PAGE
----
- Written and directed by B.J. Novak
- Starring B.J. Novak, Issa Rae and Ashton Kutcher
- Classification R; 94 minutes
- Opens in theatres July 29
Are you sick of watching movies that centre on the boring lives of writers, such as last winter’s The Tender Bar? You might be. But be careful what you wish for, because the alternative to focusing on writers could be much worse – instead you could be watching a film about a podcaster.
Are podcasts or podcasters inherently interesting or smart? No, not really, and certainly not on film. But B.J. Novak seems to think so with his feature directorial debut, Vengeance.
Starring, directed by and written by Novak (The Office), Vengeance centres on New York journalist Ben Manalowitz, a man who has it all. Bylines at every prestigious publication in the city, a cool apartment and a gaggle of beautiful women who are constantly texting him for booty calls. But what he really wants is a podcast.
One night, Ben gets a call from the brother (Boyd Holbrook) of one of his past hookups, who asks him to attend his sister’s funeral – it turns out that the dead woman, Abby, was believed by her family to be Ben’s steady girlfriend. Unable to say no or explain to this grieving man that he barely remembers who Abby was, Ben goes to the middle of nowhere Texas for her funeral. Once there, Ben realizes that Abby’s brother doesn’t believe that his sister died of an apparent opioid overdose, but instead was the victim of murder. That’s when Ben calls a producer he knows, Eloise (Issa Rae), and pitches the story as a podcast.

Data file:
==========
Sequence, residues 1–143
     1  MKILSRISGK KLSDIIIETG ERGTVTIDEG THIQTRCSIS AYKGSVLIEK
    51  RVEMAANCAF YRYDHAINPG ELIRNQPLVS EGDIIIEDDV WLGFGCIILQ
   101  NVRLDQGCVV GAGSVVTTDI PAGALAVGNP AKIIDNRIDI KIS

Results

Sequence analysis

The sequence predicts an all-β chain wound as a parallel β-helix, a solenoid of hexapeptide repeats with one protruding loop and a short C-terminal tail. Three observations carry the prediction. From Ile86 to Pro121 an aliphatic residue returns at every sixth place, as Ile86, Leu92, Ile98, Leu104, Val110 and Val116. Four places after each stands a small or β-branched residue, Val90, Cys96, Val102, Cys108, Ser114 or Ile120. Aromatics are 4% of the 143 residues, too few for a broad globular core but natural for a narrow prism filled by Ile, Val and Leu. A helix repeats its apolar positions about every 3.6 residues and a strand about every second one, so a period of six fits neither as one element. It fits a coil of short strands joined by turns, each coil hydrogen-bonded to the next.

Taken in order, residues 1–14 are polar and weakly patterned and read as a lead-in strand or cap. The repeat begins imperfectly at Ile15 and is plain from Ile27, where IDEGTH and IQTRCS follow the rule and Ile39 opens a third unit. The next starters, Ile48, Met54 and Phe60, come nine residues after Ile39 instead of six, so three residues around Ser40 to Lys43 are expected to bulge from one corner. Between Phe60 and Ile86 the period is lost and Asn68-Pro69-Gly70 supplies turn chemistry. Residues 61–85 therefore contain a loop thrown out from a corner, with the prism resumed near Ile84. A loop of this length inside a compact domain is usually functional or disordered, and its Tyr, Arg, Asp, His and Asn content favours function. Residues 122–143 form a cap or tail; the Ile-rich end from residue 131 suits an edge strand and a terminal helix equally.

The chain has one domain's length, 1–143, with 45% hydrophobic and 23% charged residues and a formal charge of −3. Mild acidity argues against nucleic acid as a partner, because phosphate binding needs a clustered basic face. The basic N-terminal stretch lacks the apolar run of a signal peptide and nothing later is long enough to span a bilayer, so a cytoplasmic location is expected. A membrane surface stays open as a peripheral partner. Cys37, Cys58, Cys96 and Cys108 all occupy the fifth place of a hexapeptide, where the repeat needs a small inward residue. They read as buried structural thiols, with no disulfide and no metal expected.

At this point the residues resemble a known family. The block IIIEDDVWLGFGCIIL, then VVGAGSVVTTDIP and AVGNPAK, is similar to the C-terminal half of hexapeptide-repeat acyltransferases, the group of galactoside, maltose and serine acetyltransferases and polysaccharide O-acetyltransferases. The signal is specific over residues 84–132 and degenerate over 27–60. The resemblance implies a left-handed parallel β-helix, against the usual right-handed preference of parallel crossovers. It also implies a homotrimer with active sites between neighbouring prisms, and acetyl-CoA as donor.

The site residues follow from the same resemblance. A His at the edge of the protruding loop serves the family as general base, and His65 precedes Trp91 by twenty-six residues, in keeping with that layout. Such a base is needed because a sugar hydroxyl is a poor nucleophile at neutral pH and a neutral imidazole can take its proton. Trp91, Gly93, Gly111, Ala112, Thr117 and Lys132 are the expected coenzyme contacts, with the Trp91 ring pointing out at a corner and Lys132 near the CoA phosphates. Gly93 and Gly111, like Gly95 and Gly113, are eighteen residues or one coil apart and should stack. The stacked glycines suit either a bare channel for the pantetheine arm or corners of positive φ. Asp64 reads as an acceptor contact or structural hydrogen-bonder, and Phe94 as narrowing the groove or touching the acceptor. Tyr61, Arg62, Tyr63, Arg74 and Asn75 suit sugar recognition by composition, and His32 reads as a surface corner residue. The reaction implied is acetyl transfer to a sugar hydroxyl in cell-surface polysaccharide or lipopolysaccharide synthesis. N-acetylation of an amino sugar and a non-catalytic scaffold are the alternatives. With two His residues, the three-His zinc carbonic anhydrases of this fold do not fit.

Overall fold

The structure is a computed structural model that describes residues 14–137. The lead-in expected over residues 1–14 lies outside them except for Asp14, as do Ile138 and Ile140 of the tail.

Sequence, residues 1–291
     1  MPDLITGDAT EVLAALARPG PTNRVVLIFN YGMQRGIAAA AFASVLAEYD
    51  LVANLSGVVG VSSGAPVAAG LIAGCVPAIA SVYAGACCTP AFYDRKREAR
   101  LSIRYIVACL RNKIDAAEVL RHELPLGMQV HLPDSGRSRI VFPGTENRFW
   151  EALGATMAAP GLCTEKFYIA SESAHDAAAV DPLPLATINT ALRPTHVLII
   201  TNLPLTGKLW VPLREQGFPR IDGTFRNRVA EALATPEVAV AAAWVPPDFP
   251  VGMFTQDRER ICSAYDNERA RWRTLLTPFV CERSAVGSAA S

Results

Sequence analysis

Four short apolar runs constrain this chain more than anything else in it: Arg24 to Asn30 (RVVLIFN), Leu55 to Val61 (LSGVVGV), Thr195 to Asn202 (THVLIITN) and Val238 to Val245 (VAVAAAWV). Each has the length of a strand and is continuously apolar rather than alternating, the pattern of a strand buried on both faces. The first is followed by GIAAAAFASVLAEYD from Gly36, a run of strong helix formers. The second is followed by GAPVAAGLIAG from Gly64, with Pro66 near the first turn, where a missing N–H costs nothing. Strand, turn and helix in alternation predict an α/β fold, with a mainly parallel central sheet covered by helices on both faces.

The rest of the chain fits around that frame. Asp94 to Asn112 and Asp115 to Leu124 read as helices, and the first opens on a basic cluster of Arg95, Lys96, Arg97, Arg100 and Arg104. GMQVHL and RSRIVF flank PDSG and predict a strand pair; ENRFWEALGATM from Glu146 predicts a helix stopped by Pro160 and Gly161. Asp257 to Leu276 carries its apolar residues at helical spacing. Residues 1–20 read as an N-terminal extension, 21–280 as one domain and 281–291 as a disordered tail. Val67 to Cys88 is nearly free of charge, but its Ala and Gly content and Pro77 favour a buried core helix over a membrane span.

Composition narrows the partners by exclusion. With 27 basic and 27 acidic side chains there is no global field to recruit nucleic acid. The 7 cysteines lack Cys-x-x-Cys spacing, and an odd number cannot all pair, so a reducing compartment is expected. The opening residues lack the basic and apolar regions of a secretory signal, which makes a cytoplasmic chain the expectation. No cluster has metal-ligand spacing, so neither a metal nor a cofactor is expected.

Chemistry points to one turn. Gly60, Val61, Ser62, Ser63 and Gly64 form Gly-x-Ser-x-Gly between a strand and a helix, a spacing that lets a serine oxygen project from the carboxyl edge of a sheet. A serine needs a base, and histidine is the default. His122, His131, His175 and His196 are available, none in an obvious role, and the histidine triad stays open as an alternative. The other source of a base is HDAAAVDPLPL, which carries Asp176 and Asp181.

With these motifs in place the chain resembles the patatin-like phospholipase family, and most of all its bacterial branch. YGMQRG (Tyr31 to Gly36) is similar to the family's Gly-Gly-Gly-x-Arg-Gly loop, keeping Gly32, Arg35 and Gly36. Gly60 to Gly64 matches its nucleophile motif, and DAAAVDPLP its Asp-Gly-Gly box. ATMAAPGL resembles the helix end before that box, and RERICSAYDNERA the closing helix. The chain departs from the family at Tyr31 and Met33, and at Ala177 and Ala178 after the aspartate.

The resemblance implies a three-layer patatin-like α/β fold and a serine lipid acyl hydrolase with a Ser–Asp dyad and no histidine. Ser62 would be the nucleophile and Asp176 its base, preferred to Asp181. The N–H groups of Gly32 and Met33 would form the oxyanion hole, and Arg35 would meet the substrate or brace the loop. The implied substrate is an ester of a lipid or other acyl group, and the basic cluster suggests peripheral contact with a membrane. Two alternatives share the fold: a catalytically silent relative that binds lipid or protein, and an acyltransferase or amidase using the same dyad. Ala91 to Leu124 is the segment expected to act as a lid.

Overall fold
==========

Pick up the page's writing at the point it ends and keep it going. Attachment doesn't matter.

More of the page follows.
It is clear that Novak made Vengeance as a means to parody the lecherous and morally unsound world of podcast reporting, where a dude wielding a New Yorker tote bag can go to the Deep South to make sense of the real America. Novak, however, does not possess the required depth to make the film’s pricklier themes work onscreen. Abby’s family are flat caricatures of Texans, with Ben being another caricature with just a little more emotional colour.
As a director, Novak would likely be more successful if he hadn’t cast himself as the main focus of his own mystery. There are occasional moments when the film is so close to feeling like it is accomplishing its goals – to be seen as a sharp and comedic critique of the cost of storytelling, with a fun little whodunnit at its core – but it never quite gets there. The character of Ben is the butt of many coastal elite jokes, but it’s clear that Novak needed Ben to ultimately be redeemed for his selfishness – even if that doesn’t fall in line with how the world he’s critiquing actually functions.
Vengeance has some infrequent laughs and, to Novak’s credit, is well-paced. But ultimately it just doesn’t have much to say that’s worth watching – or even worth listening to as a podcast.
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